Learnings from the field
The ENLIGHT European University alliance has spearheaded design and implementation of different models of Challenge-based Education courses over the last years. These courses were jointly organised by two or more universities within the network foregrounding globally relevant themes and interdisciplinarity.
To improve effectiveness and sustainability of course design and implementation, we conducted an extensive study with interviews of 32 involved academics, educational developers and external stakeholders, along with analyses of course documents. The research report, authored by Dr Myriame Ali-oualla and Laurie François of University of Bordeaux, aimed to capture lessons learnt from the implementation of 11 different courses.
In the following article, we share highlights of this report that reflect our experiences with CBE along with offering examples of successes and recommendations that could further enhance implementation of CBE and other active teaching methodologies in ENLIGHT courses.
Forging Partnerships: The building blocks of CBE
Challenge-based Education (CBE) calls for building close ties with non-academic stakeholders for practical learning. Integrating real-world insights keep students motivated and enables them to devise and implement relevant solutions.
“In our case, the challenges come from NGOs or some health organizations. […] the students learn about the topic, how to work in groups, and creativity. […] they should apply some kind of game design features in the solution. The most typical challenge is physical activity; but there are others like managing your diabetes, vaccination hesitancy, sleeping problems, preparing for surgery…They have to be related into attitudes, behaviours or knowledge.” Academic, Innovation games
The academic coordinator plays a crucial role in aligning relevant expertise with the curricular material. However, despite best efforts of course designers, we observed that time constraints do hinder effective external partner engagement, risking rushed execution over comprehensive development.
Fostering student diversity to deepen student engagement
In other learnings, we realised that a diverse student body significantly enhanced learning. By introducing varied perspectives and fostering comparisons of local issues, particularly when tied to students' lives, students learn to become challenge owners and users, encouraging self-reflection and draws them deeper into the learning process. This in turn also benefits university specific research and offers opportunities to engage students in locally relevant issues.
“We are pushed out of our comfort zone and challenged to reflect on complex problems with students from very different disciplines and backgrounds. Very enriching personally.” Student, Urban Mining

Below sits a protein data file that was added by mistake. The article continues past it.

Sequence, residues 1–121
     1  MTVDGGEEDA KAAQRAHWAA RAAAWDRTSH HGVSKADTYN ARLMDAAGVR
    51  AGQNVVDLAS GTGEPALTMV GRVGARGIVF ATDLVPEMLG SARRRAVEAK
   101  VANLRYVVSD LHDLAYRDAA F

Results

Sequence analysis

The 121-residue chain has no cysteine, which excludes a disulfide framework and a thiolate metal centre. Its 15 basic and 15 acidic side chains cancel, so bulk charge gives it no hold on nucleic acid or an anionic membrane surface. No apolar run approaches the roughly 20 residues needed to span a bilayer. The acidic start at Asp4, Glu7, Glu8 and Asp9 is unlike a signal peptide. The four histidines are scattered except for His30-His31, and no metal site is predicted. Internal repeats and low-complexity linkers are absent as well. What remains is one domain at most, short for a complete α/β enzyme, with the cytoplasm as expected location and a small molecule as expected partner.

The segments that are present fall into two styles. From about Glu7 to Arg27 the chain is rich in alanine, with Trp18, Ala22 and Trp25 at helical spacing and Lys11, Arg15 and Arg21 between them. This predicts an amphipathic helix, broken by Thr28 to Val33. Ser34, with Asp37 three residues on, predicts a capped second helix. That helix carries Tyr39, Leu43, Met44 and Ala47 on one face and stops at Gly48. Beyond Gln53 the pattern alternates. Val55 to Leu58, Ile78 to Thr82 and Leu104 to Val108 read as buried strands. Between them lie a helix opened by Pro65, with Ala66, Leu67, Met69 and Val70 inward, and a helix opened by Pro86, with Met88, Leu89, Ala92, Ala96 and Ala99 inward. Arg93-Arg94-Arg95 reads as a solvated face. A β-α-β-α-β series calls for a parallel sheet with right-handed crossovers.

Nuts and bolts of the Course Design
A typical ENLIGHT CBE course design comprises of an online component and an onsite week. Depending on several organizational factors, the onsite week could be held at the start, middle or end of the course.
It was observed that the virtual component's design focussed mainly on theoretical aspects, while the onsite week focussed on challenge exploration. Educational developers, academic coordinators, and coaches agreed unanimously that students were far more engaged during onsite weeks as compared to online learning.
“We were talking about water management in Bordeaux, and how they collect rainwater and what are the solutions to use. It was really interesting to see all the solutions that exist in Bordeaux, and it really inspired us about our subject. I think the immersive week is really an important week.” Student, Urban Mines
“We are doing this in very hands-on way, with post-its, framework, storytelling, rapid prototyping and testing. That’s a very important aspect of today’s learning, we should be able to make things tangible and testable in a very hands-on way to understand what the implication of theory are.“ Academic, AI for non-IT students
The transitions between online and onsite weeks posed challenges for both teachers and students. The clearly separated phases, sometimes, created gaps in cohesion between course content and student challenges for academics offering subject matter expertise to students. This discrepancy also may have impacted motivation and engagement levels of students.
"Some students wonder why this lecture is proposed? [...] do take the time to interview the lecturer." Educational developer, Interdisciplinary Study of the Climate Neutral City.
In certain cases, students did not have a full understanding of this newer mode of learning, and this posed as a psychological hurdle and pushed teachers to charter new territories for assessing “softer” skills.
With these challenges in the backdrop, and based on on-ground experiences of students and teachers, we recommend the following suggestions for design of future CBE courses: